The Best Foreign Policy Puts Women at the Center

Greater Equality Leads to Greater Wealth and Security for All

Finnish Minister of Education Li Andersson, Minister of Interior Maria Ohisalo, Prime Minister Sanna Marin and Minister of Finance Katri Kulmuni in Helsinki, December 2019. Vesa Moilanen / Reuters

In 2014, Margot Wallström, then serving as the foreign minister of Sweden, proclaimed that the Swedish government would adopt a so-called feminist foreign policy, becoming the first nation ever to do so. Since then, Canada, France, and Mexico have followed suit, and a handful of other nations—most recently, Luxembourg, Malaysia, and Spain—have pledged to develop similar policies. 

In each of these countries, the announcements have provoked questions among foreign policy experts. What, exactly, do these policies set out to achieve? At a time of rising global activism for gender equality, what does it mean to conduct foreign policy from a feminist perspective? And in an era of economic uncertainty, is a focus on gender equality an unnecessary distraction?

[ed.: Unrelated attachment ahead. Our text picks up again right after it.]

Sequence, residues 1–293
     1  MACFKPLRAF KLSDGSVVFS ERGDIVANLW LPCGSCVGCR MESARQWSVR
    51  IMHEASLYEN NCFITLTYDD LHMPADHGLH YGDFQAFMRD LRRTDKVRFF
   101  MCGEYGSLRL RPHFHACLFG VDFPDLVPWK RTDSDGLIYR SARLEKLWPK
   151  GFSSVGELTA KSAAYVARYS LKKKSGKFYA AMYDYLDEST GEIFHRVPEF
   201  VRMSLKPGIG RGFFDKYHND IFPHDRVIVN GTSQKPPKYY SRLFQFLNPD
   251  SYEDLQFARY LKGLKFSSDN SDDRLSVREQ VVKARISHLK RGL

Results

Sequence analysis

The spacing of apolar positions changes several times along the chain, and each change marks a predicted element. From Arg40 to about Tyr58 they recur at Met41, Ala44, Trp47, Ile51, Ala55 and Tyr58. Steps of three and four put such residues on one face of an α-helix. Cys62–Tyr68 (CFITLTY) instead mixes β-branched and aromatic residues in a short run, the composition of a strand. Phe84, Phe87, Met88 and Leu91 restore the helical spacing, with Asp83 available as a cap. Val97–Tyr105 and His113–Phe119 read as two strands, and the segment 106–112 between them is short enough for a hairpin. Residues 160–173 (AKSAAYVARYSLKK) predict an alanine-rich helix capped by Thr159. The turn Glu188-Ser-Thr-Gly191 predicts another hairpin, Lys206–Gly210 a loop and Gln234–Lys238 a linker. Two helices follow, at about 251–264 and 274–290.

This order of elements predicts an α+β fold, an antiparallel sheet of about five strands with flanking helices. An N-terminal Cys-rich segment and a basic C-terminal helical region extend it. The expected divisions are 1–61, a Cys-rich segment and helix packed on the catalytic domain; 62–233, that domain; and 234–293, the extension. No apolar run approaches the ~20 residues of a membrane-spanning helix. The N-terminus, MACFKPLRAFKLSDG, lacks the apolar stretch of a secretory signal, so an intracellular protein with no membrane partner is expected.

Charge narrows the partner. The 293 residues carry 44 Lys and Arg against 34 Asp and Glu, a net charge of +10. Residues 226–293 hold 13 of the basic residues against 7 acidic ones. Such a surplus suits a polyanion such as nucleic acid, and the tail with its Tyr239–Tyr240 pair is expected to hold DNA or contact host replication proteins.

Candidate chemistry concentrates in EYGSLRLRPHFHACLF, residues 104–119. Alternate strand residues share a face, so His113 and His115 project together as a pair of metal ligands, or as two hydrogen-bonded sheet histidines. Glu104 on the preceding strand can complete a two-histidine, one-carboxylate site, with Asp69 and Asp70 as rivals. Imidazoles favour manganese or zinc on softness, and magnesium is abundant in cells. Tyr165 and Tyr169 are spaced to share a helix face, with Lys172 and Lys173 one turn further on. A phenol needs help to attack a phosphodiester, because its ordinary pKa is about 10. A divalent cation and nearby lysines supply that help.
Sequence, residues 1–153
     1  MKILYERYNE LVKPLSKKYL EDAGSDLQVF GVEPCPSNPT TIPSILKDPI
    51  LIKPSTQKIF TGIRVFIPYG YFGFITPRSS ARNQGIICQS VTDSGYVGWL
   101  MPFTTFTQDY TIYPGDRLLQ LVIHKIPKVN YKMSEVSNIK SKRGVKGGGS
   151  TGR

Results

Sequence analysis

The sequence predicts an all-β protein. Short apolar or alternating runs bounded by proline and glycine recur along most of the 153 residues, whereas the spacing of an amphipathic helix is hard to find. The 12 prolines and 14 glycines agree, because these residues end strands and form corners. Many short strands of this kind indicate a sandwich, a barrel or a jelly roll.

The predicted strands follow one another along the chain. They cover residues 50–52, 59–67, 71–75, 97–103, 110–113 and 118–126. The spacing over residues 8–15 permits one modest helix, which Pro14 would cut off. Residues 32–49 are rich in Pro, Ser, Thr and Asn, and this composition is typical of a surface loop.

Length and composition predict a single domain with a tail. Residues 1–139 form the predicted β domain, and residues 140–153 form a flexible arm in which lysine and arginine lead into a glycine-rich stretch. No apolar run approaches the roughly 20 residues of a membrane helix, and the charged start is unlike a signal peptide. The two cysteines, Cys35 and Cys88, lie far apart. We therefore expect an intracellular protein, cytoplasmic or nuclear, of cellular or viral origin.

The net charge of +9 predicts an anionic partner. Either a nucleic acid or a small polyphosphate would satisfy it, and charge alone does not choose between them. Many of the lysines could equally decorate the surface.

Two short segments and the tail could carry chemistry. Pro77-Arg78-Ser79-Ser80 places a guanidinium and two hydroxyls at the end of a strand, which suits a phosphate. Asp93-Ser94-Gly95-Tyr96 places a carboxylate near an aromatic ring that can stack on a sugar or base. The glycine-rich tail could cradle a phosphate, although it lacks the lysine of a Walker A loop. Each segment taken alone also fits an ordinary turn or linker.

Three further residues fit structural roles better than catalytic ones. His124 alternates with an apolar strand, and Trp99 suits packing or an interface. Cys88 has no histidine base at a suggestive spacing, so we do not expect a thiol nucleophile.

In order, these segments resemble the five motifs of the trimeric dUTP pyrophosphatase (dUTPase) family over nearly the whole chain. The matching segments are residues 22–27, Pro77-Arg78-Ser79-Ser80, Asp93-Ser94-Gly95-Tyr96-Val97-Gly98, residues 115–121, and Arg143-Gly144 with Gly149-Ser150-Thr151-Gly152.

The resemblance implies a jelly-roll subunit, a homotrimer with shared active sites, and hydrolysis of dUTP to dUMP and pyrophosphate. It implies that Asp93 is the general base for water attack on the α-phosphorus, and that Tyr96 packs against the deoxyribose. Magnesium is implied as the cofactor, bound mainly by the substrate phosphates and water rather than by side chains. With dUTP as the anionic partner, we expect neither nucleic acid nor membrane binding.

A Natural Fit

Evidence from recent studies suggests that the status of women is closely aligned with a country’s prosperity and security. In this respect, promoting gender equality as a foreign policy

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